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Haddington, Lothian - very impressive!


David Drinkell
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I was recently in the UK for a few weeks. Apart from my usual poking around East Anglian churches, I was in Scotland to see the in-laws (and give a concert and play on Sunday at St. Magnus Cathedral) and on the way down, I dropped in at St. Mary's Collegiate Church, Haddington, East Lothian. This is a very impressive cruciform church, known as the Lantern of the Lothians. The bare top of the central tower gives it a somewhat wild appearance, but the inside has been beautfully restored and set out. The organ, in a north transept gallery, is by Lammermuir Pipe Organs (1990) (

 

This is a very fine job altogether, in a stunning set of cases (Great, Chair and Pedal) by Neil Richerby. It has tremendous integrity in its own style. There are no concessions - the Chair drawstops are on the back of the Chair case behind the player, there is a flat pedalboard, no aids to registration and no swell box.

 

But - I was enormously struck by what it would do. Although built with the North German school in mind, it coped admirably with French classical sounds and - more significantly - the more out-of-the-box I tried, the more it played along with me. I think there are various reasons for this, amongst which are the fine reeds (better than St. Giles, Edinburgh, where I feel they don't help that otherwise wonderful organ), the assured and firm voicing and careful winding. Above all, though, I think it proves that an instrument which is a fine example of its type will nearly always manage a lot more than one expects.

 

Anyone in the area should visit this church with its friendly people and fine instrument.

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I understand that the instrument was originally conceived with just a Bourdon on the pedals at the rear of the organ. The Manager of the Royal Mail in Scotland was a keen musician and a significant grant was made for the development of a pedal chorus in side towers. They were nicknamed the Post Office Towers!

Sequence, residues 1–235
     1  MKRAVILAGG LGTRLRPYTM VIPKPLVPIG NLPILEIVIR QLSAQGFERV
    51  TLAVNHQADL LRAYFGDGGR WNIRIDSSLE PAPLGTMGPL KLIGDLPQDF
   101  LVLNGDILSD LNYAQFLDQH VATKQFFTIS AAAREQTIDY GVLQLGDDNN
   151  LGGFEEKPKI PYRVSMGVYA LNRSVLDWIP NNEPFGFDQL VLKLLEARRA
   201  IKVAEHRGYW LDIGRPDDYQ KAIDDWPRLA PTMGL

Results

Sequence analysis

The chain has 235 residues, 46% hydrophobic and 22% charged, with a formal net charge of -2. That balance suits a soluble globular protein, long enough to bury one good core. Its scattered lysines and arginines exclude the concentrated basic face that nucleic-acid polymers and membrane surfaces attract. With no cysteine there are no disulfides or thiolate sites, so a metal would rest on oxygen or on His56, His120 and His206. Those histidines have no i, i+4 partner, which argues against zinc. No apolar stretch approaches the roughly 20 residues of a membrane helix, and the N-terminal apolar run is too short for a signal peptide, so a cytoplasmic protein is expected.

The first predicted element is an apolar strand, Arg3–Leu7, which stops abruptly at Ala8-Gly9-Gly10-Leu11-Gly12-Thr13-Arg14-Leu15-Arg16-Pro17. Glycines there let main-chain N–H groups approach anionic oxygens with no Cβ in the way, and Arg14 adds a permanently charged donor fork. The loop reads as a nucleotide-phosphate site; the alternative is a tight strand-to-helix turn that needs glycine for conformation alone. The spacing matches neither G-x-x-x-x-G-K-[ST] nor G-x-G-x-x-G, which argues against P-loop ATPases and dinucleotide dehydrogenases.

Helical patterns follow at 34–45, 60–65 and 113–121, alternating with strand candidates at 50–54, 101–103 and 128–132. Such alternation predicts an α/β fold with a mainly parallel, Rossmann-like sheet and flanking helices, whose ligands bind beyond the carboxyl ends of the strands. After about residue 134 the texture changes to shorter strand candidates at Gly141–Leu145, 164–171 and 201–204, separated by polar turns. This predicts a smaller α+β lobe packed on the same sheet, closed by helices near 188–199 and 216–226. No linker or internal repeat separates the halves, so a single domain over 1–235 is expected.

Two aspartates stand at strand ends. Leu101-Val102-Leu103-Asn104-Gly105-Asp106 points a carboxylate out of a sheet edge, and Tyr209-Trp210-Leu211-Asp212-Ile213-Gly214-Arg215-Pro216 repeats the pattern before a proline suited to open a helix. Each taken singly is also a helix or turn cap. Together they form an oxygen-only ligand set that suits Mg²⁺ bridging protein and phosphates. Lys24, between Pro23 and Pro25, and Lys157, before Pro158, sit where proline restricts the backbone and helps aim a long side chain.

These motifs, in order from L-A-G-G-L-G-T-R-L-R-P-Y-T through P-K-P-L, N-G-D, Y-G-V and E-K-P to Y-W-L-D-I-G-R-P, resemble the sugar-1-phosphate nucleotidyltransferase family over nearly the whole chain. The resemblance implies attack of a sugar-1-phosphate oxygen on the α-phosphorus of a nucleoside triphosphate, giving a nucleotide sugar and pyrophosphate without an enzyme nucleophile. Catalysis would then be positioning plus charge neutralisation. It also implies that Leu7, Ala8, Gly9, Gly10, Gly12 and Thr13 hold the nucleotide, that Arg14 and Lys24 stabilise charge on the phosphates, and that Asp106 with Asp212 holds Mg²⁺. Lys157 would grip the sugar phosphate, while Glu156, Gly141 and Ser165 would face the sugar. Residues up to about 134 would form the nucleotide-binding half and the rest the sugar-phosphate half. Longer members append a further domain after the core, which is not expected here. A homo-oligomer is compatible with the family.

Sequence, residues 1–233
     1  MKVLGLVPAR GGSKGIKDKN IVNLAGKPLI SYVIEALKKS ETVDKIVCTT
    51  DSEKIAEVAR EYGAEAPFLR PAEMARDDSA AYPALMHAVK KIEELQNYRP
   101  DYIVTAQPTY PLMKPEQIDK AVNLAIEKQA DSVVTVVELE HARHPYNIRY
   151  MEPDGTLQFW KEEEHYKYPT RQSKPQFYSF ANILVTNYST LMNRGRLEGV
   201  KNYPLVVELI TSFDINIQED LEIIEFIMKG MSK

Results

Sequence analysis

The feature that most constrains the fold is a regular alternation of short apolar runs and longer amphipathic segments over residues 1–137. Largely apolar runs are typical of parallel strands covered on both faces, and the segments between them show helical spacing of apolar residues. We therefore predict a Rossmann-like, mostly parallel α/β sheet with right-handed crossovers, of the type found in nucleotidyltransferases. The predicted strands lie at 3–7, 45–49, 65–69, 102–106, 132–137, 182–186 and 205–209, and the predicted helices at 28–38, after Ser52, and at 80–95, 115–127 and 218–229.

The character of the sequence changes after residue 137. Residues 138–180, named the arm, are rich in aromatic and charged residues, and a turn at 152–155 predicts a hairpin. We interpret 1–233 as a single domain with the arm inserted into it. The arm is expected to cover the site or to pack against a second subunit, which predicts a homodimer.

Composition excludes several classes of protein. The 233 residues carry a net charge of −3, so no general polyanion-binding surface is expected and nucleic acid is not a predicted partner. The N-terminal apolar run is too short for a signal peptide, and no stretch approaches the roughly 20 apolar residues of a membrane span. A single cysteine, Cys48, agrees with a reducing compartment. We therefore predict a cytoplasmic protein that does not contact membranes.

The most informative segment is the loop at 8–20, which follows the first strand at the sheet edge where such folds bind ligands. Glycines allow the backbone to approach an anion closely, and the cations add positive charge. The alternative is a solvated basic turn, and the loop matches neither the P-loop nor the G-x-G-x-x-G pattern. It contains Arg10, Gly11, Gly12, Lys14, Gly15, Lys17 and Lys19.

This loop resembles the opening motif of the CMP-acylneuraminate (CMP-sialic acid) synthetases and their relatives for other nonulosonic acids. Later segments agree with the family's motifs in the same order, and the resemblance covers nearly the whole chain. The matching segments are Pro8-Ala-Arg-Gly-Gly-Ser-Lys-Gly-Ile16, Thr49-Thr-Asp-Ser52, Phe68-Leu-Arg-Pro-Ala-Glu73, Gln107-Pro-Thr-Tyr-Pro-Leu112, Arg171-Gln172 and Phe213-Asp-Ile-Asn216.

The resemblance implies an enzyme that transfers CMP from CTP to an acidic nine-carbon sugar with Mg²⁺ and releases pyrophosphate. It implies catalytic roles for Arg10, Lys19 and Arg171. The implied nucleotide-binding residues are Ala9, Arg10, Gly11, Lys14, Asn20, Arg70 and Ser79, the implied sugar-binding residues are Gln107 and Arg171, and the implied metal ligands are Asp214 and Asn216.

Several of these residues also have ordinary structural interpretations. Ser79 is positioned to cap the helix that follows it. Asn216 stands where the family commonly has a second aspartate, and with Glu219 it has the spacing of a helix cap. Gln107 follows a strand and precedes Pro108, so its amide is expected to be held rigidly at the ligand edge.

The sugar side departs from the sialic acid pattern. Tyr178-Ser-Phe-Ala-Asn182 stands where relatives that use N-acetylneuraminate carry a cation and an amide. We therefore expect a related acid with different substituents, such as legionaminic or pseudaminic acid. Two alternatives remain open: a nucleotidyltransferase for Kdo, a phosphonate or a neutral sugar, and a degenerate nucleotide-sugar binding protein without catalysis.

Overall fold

There are some interesting organs in the vacinity as well. St mary's Episcopal Church, Dalkeith 1845 hamilton 3M 23 stops still blown by water engine and Rosslyn Chapel an 1872 Hamilton 2M 13 stops sited in one of the architectural gems of Scotland.

 

PJW

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I understand that the instrument was originally conceived with just a Bourdon on the pedals at the rear of the organ. The Manager of the Royal Mail in Scotland was a keen musician and a significant grant was made for the development of a pedal chorus in side towers. They were nicknamed the Post Office Towers!

 

PJW

 

I think I remember this gentleman! He sounds like the same one who was very generous with money for commissions at the St. Magnus Festival when i was in Orkney.

 

I've been reading up on Haddington. I hadn't realized that the whole of the church east of the nave had lain open to the elements until the end of last century. And now everything looks beautiful, with the new organ and all. They've even got themselves a peal of bells! It makes one think. Just imagine Dunfermline Abbey with the nave connected up to the rest of it. Or St. Bees Priory with the Quire restored (or maybe that would mess up the acoustics for their glorious organ). Or Carlisle Cathedral with a nave, or Ardfert Cathedral in Ireland, or the old Cathedral on the Rock of Cashel, or Fountains Abbey....

 

Probably better not to speculate - one could go on for ever. All of it as likely as a decent organ in St. Peter's, Rome. Still, if the good folk of Haddington could do what they did, and those at Bury St. Edmunds build that wonderful quire and tower (and buy a new four-manual Harrison), who knows?

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Probably better not to speculate - one could go on for ever. All of it as likely as a decent organ in St. Peter's, Rome.

 

That made me think. Why have they never installed a large organ there? It surely can't be lack of funds!

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The scheme proposed by Aristide Cavaillé-Coll would have been entirely appropriate and aurally stunning. It is a great pity that it was never realised.

 

I wonder how tricky it would have been, had the organ been installed, to have produced a range of recordings such as we have from St Ouen and St Sulpice?

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The scheme proposed by Aristide Cavaillé-Coll would have been entirely appropriate and aurally stunning. It is a great pity that it was never realised.

Yes, I've seen that scheme. The organ would have been sited at the west end of the nave, which makes me wonder whether (however powerful) the sound might be lost to some extent under the large dome and beyond.

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